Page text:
Proceedings of The South African Sugar Technologists' Association-April 1962

49

AUTOMATIC SUGAR DETECTION IN BOILER FEED WATER
By J. BRUUN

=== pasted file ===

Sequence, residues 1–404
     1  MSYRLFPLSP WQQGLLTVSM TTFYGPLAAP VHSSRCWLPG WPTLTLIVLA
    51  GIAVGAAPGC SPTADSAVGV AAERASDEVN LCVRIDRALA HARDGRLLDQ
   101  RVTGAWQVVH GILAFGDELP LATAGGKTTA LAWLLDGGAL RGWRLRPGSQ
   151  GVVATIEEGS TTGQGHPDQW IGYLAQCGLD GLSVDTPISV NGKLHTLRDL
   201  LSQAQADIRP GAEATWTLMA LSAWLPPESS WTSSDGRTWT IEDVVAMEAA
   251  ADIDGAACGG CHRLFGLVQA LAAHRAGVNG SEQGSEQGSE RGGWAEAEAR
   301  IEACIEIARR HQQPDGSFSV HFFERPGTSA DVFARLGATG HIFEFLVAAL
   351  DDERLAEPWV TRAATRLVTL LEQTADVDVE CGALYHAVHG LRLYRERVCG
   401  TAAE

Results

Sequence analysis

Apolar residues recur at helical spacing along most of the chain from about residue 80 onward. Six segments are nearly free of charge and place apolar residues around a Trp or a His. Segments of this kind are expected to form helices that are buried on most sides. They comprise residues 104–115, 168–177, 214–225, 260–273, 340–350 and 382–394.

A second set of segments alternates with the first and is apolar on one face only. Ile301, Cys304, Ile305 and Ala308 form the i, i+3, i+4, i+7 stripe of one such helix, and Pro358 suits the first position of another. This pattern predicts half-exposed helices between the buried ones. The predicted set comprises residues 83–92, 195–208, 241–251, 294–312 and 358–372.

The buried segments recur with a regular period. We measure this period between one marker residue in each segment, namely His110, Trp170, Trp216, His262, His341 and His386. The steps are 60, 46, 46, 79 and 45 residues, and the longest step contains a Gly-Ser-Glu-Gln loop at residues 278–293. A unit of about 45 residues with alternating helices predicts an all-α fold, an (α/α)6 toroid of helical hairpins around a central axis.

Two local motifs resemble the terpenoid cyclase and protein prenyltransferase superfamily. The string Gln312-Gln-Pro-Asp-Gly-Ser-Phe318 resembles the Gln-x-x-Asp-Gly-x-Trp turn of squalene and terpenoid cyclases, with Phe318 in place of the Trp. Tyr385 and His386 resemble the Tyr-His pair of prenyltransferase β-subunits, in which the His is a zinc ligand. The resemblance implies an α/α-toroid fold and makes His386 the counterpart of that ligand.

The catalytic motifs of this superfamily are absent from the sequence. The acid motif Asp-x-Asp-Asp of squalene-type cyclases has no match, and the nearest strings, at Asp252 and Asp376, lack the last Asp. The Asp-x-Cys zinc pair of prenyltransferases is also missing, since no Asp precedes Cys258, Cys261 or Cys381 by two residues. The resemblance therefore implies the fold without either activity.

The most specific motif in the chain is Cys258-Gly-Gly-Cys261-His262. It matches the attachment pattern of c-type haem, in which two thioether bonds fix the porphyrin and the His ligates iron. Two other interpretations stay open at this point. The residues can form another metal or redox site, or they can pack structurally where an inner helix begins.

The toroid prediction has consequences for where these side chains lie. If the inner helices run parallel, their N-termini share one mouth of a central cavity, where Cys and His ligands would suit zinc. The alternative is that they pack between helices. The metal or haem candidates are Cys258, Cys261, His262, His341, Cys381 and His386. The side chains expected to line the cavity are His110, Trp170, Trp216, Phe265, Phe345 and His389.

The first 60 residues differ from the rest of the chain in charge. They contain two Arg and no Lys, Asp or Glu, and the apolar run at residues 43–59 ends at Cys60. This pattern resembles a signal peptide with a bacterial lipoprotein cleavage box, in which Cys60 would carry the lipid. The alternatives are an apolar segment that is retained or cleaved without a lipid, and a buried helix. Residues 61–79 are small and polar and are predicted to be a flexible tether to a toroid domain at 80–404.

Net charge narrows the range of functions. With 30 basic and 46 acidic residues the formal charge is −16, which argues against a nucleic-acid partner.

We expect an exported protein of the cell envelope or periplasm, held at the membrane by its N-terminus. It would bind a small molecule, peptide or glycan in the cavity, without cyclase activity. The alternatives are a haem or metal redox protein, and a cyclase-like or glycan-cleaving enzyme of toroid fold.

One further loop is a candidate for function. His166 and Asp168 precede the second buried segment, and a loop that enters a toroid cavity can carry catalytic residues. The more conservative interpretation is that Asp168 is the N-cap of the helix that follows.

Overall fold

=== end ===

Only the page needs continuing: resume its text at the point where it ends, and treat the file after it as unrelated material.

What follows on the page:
Introduction At most sugar factories where condensates are used as boiler feed water, this liquid is regularly analysed for the presence of sugar. Not only because its presence indicates an increase in undetermined losses, but more so because of its detrimental effect on. the boilers. In the alkalized feed water, sugar tends to decompose into sugar acids and other products which lower the pH and in this way increase the rate of corrosion of boiler tubes. In addition, the boiler water has a tendency to foam, which results in a carryover of salts in the steam. The presence of sugar in condensate is often not continuous, but occurs for short periods only, at irregular intervals. For this reason, the testing of feed water must be carried out very frequently if it is to be effective, and a continuous automatic analyser would therefore provide a much better means of control than analysis carried out intermittently. Various Methods of Analysis For the detection of a chemical compound, one of its characteristic chemical or physical properties is used. Sucrose is normally determined by its optical rotation, but unfortunately this method is not suitable for the detection of very small quantities. For automatic analysis, it is generally more con venient to use a physical rather than a chemical method, because in the latter, other chemicals are always necessary. For this reason, the conductivity of the boiler feed water is used in a number of automatic analysers to trace the presence of sugar, although sucrose in small quantities does not affect the conductivity of a . solution. In sugar factory liquids, sucrose is always accompanied by a certain amount of impurities. These impurities increase the conductivity, which is easily measured and can be used to operate an electrical warning signal or an electrical valve. This method, however, will be far less sensitive or fail completely, if the sugar to be detected in the water originates from carry-over of high purity massecuites in the condensate. On the other hand, a high conductivity can be found to originate from salts in the condensate without sugar being present. A better method is a reaction on the sucrose itself, which however, requires a chemical analyser. A chemical analyser is more complicated and requires higher maintenance costs and in the second place, it uses chemicals thereby increasing running costs. Furthermore, it 'requires supervision at frequent intervals. The Principle of a Chemical Analyser A sample is withdrawn intermittently or continuously from the feed water line and one or more chemicals, depending on the chemical reaction chosen, are intermittently or continuously added in the required proportion. The chemical reaction results in the formation of a precipitate or colour formation, and this result is converted into an electrical signal by a phototube, photocell, phototransistor or a photoresistor. This signal is amplified and can be used for the operation of an electrical valve in the same way as instruments which measure the conductivity. One of the older colour reactions for sucrose is brought about by the addition of concentrated sulphuric acid in the presence of a phenol, the most commonly used being a-naphtol. In the event of sugar being present, even in small quantities, a blue colour is formed. An automatic sugar detector can be based on this reaction, but a disadvantage of the system is that rather large amounts of concentrated sulphuric acid, which is an unpleasant chemical to handle, are required by the instrument. Work Carried Out by the 8.M.R.I. For about the last ten years, a very sensitive colour reaction for reducing sugars has been known, which is fairly specific. If a colourless alkaline solution of triphenyl tetrazolium-chloride solution is heated with a reducing sugar, red triphenylformazan precipitates. C 6H s-N-N+ -C 6H s' CI + H 20 + 2 e ---+